I love going to the theatre, whether it’s up in London, or just locally in and around Essex. On Friday night my parents took me to see The Hound of the Baskervilles at Queen’s Theatre. I had no idea really what to expect, having never read the novel, or seen the film adaptation(s), but I thoroughly enjoyed it.
For those unfamiliar with the plot: Sir Charles Baskerville is found dead on the Dartford moors; there are paw prints next to his body. Sherlock Holmes and his assistant Doctor Watson are left to solve the mystery of the hound before another member of the Baskerville family is targeted.
The production was given a comedy twist which made it really entertaining and the cast got into character superbly. There were only four actors starring in the play – or three if you discount the one on the pianoforte, who also had a minor role (he got roped in by the others to play a Yokel in one scene).
As with most murder-mystery stories, the mise-en-scene played a big part in creating the atmosphere and the production at Queen’s delivered. As you’d expect from a Sherlock Holmes detective case the setting added mystery and eeriness – the moors with manor house in the background was shown on a projector which acted as a back drop; the other black and white period images alongside the lighting created that feel of darkness wonderfully. The music was suitable to each particular scene, with the likes of Puccini and Prokofiev being played. The smoke too, added to the tension, particularly in the moor scenes where, with the added darkness, it was hard to see what was happening – and who or what may materialise next!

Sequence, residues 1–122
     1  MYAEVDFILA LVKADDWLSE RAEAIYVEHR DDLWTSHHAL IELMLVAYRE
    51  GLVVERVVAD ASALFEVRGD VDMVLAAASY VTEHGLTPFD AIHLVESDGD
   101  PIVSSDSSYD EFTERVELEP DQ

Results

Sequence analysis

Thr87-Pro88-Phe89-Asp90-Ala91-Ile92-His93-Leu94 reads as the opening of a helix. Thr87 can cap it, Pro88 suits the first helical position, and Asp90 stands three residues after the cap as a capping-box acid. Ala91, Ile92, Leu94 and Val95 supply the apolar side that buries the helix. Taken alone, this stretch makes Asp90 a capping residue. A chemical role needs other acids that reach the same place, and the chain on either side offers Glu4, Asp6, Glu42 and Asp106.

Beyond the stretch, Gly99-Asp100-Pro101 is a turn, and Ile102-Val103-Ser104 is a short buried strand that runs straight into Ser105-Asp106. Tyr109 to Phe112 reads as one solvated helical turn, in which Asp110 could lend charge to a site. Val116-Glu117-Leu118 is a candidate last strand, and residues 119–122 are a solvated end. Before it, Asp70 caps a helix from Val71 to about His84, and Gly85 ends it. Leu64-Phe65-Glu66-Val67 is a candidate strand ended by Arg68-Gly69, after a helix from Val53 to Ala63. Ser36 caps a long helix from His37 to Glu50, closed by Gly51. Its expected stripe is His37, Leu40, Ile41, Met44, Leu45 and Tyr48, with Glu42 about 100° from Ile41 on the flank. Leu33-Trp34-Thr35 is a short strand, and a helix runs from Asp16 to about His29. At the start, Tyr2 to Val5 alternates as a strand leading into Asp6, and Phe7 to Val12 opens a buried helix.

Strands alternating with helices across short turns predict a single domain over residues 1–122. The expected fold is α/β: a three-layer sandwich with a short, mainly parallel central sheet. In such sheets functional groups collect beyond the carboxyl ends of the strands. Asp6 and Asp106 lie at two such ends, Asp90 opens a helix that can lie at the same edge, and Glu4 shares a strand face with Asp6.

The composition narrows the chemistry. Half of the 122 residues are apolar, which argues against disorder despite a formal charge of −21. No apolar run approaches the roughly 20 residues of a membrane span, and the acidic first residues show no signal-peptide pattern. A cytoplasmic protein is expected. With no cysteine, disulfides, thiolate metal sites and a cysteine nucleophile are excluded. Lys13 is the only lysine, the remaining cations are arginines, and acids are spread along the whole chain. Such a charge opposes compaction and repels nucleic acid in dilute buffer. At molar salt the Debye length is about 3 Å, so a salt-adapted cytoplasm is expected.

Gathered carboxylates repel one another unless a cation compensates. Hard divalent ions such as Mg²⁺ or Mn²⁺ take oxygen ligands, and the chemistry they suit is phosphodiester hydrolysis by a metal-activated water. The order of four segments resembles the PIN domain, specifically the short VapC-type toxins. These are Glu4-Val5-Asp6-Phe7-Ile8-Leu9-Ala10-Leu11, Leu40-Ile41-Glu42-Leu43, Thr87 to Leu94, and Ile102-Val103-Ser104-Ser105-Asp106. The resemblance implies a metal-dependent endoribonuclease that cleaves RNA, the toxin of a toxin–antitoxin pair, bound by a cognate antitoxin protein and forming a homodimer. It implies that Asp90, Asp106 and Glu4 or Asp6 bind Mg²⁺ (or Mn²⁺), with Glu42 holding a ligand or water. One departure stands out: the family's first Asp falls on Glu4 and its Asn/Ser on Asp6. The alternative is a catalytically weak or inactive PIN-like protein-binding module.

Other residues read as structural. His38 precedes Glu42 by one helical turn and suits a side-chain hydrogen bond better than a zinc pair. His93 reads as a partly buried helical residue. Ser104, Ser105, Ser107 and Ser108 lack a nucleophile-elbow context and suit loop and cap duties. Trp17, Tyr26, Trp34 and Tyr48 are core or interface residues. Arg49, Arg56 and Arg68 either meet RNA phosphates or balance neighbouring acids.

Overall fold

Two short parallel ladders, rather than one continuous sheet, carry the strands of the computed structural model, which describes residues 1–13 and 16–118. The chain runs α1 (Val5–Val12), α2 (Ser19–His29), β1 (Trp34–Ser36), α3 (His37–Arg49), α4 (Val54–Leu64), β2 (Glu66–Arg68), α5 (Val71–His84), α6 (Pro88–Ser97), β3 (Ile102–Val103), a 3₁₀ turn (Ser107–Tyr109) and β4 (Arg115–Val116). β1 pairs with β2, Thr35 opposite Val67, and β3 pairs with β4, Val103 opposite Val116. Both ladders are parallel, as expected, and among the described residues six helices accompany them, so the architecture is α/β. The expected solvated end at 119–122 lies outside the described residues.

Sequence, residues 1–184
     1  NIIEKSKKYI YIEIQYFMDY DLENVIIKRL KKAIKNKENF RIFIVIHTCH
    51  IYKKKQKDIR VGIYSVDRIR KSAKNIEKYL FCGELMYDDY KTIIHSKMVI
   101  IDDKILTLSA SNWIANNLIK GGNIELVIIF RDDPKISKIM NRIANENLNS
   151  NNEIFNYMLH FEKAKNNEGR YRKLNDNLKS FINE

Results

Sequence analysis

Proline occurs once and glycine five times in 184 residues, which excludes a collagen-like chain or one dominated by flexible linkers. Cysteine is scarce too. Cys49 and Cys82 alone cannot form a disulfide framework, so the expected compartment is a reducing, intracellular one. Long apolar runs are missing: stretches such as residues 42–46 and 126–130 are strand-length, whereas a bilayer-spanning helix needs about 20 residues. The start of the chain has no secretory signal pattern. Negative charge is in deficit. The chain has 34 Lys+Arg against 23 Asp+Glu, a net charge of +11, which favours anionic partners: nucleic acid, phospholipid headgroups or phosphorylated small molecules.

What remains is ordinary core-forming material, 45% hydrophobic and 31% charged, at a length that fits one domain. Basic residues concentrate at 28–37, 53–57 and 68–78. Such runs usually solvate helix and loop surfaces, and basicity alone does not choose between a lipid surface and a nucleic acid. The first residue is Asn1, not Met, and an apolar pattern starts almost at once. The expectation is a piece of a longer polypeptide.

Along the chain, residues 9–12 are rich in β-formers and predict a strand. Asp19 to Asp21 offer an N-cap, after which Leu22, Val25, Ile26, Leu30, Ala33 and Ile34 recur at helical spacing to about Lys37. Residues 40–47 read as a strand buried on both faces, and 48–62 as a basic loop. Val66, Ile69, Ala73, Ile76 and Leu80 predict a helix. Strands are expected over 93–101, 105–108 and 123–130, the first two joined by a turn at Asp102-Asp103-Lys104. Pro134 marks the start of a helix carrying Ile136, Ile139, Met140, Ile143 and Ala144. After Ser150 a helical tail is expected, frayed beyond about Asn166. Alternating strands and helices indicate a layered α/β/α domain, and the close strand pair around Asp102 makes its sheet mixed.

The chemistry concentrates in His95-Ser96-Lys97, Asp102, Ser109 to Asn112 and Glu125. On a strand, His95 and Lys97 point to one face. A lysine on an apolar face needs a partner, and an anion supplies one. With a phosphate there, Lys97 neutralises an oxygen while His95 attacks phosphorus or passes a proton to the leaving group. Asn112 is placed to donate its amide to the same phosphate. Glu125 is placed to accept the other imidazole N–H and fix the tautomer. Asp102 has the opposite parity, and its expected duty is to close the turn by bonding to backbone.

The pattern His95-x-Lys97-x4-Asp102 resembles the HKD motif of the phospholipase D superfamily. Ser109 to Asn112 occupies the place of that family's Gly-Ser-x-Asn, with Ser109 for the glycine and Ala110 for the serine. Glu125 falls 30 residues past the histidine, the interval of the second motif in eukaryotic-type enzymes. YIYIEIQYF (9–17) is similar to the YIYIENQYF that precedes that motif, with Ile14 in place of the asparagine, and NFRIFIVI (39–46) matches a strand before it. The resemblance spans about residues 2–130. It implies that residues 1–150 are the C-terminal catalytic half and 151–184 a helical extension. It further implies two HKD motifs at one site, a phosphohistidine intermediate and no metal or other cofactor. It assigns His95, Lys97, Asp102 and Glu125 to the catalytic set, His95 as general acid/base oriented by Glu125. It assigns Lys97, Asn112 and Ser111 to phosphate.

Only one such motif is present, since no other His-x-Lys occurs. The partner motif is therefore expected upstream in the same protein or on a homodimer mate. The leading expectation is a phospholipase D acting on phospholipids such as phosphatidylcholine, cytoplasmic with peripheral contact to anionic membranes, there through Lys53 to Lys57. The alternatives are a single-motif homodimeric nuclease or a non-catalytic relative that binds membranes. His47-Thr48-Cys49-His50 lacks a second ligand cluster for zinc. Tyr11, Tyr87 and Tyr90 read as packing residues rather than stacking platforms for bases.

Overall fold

The comedy element was apparent from the off, with the play beginning as you would expect, with Baskerville’s dead body lying out in the moor. Before you know it, one of the actors appears on the stage yelling “stop”, causing confusion amidst the audience. It turns out it is all part of the act as they explain they need to make it clear “this will contain gunshots” before requesting “people of a nervous position” may want to leave. From there, it’s straight back into the action – but there are in-jokes throughout. The beginning of the second act also has a similar impact, an initial bewilderment but comic all the same – the cast quickly re-enacted the first half in a couple of minutes, and there was an element of slapstick when Simon Jessop as Watson gets himself in a bit of a pickle. It had the crowd in raucous laughter anyway, and once this recap was complete, there was a rapturous applause.
I thoroughly recommend going to see The Hound of the Baskervilles if you’re in or around the area, and the show is running until Saturday 17th November. Prices range from £10 to £24.50 and although the top-end may seem a little pricy, the show will have you in stitches and never stray from the real plotline.